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Academic Armchair- iObjectify: self- and other-objectification on Grindr

The Badger Features Team interviewed Sussex’s Yasin Koc about his work on the psychological factors behind Grindr. He posits that use of the app is associated with physical objectification in relation to “right now” culture and how it effects the user’s approach.

To begin our interview, we asked Yasin about the atypical nature of his and his co-authors’ research.

Your focus is on objectification as you see it manifesting on Grindr, a dating app for men seeking men: how did you approach objectification as a subject that is, as you acknowledge, typically seen as one affecting women fairly exclusively, and how did this affect the writing of your article?

Most of the initial research conducted on objectification focused on women, and there is little research that looks at how men objectify themselves and others.

Objectification theory suggests that women are sexually objectified – being reduced to the sum of their parts – and this also triggers a process of self-objectification which makes them internalize a third-person perspective and results in a number of harmful mental health outcomes. There is also some recent work on men’s objectification and this line of work also shows similar patterns for men.

So objectification is not exclusively studied for women or from women’s perspectives. But we also know from the literature that objectification processes differ for men and women in relation to their sexual orientation.

This results in a number of outcomes. For example, MSM place more importance on physical attractiveness, they care more for their bodily appearance or strive more to achieve an ideal body – a muscular yet lean build.

When you think of all these together, if you are familiar with online dating applications, it is not hard to tell that these processes somehow manifest itself in people’s profiles.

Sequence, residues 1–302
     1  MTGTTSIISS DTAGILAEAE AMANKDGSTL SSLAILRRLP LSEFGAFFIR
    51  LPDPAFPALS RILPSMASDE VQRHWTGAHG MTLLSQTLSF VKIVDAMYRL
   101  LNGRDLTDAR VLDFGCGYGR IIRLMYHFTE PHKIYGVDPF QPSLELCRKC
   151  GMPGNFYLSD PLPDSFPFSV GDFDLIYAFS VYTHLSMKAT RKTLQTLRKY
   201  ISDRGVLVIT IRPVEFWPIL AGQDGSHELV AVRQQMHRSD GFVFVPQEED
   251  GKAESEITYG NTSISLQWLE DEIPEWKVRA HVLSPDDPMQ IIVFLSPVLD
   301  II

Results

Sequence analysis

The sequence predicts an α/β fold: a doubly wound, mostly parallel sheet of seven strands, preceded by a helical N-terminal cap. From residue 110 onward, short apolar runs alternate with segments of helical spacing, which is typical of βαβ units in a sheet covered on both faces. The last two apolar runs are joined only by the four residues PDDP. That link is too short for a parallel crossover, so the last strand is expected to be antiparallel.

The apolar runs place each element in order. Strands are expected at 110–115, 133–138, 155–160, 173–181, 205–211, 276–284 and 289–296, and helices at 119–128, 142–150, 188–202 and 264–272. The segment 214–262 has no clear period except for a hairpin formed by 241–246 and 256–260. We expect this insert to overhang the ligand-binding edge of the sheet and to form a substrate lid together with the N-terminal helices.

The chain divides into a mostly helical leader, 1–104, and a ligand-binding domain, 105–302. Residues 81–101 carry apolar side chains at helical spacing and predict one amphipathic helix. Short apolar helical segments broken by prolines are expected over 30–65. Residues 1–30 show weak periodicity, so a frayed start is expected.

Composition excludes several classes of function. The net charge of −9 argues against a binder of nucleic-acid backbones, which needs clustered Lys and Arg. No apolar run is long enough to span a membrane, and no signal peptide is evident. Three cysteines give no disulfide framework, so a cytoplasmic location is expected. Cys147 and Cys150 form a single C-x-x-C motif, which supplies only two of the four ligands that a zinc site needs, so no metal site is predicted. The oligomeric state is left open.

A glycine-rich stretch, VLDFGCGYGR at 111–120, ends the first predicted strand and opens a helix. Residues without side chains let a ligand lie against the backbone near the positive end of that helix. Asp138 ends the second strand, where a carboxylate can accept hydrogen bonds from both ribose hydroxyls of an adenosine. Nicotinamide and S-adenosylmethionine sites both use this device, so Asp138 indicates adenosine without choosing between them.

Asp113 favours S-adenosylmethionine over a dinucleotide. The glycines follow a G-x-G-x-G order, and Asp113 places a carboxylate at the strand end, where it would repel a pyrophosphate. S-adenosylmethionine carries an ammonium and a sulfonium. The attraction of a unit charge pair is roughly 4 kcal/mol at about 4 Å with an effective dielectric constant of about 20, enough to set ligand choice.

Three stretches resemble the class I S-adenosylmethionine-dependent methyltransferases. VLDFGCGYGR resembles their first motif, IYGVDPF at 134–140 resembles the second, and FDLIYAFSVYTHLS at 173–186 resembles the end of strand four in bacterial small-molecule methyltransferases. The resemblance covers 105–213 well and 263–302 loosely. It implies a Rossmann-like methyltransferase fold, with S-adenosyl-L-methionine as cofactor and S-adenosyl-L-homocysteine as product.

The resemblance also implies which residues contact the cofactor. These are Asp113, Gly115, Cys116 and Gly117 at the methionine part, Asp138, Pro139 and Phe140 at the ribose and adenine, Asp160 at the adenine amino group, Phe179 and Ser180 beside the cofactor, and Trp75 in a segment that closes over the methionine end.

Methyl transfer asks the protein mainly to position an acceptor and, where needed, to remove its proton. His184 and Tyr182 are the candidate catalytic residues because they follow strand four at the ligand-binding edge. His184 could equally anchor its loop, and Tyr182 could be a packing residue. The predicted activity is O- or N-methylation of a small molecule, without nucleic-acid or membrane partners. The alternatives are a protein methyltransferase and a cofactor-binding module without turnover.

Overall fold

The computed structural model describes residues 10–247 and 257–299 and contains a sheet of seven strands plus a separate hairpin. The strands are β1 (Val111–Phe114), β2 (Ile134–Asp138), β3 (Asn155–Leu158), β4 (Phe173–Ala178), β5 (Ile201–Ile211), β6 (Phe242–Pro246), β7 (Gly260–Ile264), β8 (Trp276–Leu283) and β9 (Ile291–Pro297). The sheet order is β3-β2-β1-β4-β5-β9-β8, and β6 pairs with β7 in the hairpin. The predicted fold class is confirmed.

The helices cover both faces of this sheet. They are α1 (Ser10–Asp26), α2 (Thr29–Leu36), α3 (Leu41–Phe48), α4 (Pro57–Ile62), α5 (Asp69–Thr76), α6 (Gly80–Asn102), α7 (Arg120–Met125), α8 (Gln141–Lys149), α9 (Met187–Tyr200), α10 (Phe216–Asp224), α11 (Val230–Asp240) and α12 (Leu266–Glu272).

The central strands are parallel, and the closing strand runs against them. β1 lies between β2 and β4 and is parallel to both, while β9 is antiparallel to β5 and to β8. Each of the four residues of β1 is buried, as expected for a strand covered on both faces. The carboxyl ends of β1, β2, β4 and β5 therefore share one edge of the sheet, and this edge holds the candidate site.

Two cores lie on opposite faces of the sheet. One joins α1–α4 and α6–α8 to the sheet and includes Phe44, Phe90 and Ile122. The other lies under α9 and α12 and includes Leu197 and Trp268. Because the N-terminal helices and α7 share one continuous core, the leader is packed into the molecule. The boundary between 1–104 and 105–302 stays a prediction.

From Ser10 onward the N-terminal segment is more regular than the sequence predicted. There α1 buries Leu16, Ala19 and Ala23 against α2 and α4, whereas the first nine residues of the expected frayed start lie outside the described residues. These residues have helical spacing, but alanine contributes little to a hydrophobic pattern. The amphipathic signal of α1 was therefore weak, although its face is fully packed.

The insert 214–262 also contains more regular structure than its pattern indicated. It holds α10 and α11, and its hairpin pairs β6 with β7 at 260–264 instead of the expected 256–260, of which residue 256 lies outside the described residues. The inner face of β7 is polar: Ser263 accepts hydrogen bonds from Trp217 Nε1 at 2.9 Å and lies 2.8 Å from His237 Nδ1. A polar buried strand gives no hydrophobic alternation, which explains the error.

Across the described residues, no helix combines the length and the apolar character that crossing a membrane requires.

Sometimes in terms of their pictures or sometimes the way they present themselves in their profile information, and consequently how they interact with other people.

We discussed and thought sexual objectification could be highly relevant in this realm, but there was no work done on MSM and the most popular dating app, Grindr. Therefore, we decided to conduct this research.

What was the research phase of working on this article like? As it is a psychological exploration of the effects of specifically homosexual social media dating (an extremely intriguing and niche topic), were there any particularly interesting findings that you would like to highlight?

The research phase was quite interesting.

We wanted to work step by step for each one of the three studies. I think they all provide useful information and they will be liked by the readers differently depending on what they want to find out about this phenomena.

First of all, we wanted to find evidence for our assumption that MSM who use Grindr objectify others more than those who do not use Grindr.

That was the simple research question we explored in study 1.

However, we realized it was much bigger a challenge than we thought it would be. Finding MSM who never used Grindr was out of question.

Probably because of its popularity, everyone who participated in our study had been on Grindr at some point in their lives. Therefore, they have been through these processes of self and other objectification. Or at least they observed them. Then we had to make decision on the way.

Since it was impossible to compare Grindr users to non-users, we decided to compare current users to those who were not current users. And we found evidence for our prediction that current Grindr users tend to objectify other men more than non-users.